Reviews » Review of Starkland releases in Revue et Corrigee (France), by Jerome Noetinger (trans. by J. Frey)

Another discovery is the music of Tod DOCKSTADER, at least for me, although some already know his music on LP. Born in 1932, this American composer started out studying painting and film making. By 1955 he was combining sound with images and working on some cartoons. In 1958, working as a sound engineer in a commercial recording studio, during off hours he made himself a collection of sounds, and began to try doing musique concrète which he had heard about on the radio. He prefers the term “organized sounds” from Edgar Varèse’s organisation sonore, for it short circuits questions like “Is it still music?” His organized sounds are mainly acoustic in origin, but Tod DOCKSTADER also uses some oscillators, a kind of early ancestor of synthesizers. “A worker in rhythms, frequencies, and intensities.”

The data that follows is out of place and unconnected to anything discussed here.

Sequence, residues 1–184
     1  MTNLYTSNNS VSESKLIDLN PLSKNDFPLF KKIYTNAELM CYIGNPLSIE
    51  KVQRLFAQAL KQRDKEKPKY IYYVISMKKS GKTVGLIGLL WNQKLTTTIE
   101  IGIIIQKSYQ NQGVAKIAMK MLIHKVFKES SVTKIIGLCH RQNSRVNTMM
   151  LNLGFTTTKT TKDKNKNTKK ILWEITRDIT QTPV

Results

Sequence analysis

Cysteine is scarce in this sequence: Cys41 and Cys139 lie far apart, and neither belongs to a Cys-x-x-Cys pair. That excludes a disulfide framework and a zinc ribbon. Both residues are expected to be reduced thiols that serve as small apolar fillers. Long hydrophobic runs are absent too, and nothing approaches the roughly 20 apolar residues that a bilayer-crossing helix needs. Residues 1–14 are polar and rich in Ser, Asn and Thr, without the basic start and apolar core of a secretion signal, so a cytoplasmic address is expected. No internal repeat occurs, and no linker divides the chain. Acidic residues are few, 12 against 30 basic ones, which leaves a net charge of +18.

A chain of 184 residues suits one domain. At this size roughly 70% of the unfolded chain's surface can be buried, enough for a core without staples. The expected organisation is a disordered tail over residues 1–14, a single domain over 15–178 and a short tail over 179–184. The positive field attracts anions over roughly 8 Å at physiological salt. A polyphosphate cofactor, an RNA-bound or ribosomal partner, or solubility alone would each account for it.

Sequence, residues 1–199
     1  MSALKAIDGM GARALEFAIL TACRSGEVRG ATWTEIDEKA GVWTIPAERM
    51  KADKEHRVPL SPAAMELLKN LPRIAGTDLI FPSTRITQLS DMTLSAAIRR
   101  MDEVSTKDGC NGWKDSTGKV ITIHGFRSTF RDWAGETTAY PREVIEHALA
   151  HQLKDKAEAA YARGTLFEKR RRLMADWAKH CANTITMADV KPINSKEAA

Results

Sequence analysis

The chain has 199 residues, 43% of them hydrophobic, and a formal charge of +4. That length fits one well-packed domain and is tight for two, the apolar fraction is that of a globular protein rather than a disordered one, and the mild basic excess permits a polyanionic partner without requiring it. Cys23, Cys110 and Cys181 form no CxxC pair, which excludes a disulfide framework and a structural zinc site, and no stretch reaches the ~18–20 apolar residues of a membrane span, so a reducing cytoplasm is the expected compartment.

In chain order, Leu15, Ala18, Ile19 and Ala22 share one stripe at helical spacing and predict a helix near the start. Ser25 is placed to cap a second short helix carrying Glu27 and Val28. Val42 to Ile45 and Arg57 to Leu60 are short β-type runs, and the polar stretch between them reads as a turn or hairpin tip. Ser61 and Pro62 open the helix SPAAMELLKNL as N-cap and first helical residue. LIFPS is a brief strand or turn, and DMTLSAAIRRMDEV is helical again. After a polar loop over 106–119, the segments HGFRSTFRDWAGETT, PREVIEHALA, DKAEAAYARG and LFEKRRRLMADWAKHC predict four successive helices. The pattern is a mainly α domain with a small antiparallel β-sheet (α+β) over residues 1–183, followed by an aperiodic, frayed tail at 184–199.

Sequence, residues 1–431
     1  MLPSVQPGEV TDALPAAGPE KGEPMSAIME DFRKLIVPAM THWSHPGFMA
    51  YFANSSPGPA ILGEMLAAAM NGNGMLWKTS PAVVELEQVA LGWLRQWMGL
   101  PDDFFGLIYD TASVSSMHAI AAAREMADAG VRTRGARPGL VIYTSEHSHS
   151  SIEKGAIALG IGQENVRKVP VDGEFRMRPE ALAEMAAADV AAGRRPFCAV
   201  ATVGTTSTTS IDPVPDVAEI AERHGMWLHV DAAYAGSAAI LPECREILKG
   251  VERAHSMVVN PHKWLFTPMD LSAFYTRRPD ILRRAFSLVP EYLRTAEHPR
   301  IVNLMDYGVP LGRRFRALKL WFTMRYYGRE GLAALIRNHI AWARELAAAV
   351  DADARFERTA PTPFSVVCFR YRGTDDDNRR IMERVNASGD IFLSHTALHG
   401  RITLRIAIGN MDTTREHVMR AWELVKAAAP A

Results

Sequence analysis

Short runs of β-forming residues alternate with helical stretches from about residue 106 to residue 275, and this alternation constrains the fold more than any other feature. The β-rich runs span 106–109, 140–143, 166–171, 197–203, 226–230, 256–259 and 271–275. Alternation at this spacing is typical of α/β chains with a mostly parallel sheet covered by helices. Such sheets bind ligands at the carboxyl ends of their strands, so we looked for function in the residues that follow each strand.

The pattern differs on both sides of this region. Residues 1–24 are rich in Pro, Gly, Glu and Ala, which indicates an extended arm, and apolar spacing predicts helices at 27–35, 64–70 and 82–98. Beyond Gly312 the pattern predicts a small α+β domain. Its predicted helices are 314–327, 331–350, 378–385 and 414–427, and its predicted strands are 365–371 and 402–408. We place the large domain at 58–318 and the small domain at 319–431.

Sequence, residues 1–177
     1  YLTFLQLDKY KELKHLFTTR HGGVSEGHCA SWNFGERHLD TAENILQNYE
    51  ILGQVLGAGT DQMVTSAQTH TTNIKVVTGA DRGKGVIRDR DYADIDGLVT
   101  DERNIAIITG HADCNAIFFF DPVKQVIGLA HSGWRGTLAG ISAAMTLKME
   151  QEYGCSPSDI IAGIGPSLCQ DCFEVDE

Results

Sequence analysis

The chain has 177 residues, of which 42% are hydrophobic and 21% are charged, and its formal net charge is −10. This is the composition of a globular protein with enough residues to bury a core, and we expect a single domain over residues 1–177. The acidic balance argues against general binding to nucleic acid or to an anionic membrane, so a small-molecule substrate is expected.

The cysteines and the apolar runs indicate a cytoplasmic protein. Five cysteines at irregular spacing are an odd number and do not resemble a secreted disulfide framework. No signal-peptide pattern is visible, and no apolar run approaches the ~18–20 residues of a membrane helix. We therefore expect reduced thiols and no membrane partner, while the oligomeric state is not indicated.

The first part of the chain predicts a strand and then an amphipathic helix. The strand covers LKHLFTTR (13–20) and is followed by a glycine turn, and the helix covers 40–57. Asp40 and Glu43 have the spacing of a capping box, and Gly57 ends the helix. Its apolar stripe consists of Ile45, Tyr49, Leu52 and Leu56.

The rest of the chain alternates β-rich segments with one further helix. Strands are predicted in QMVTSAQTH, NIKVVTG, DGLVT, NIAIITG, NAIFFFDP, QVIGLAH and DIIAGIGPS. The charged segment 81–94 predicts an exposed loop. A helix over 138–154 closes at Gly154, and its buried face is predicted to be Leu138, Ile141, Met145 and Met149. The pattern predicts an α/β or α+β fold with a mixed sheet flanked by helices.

Apocalypse (1961) and Quatermass (1964) to me have a place as veritable references, notably for his work with space, most astonishing for the time. Each of his compositions is different, accentuating in one case detail, in another mass, in a third huge ranges of volume. In Luna Park, from the name of the amusement park, he plays with recorded laughter; in Four Telemetry Tapes, three test-tone generators furnish the sounds, recorded on tape in minuscule bits to create weird rhythms. Two CDs you should urgently get to discover an unrecognized, forgotten composer from a country where there has never really been a musique concrète school. Now when will they reissue some work by Ilhan Mimaroglu?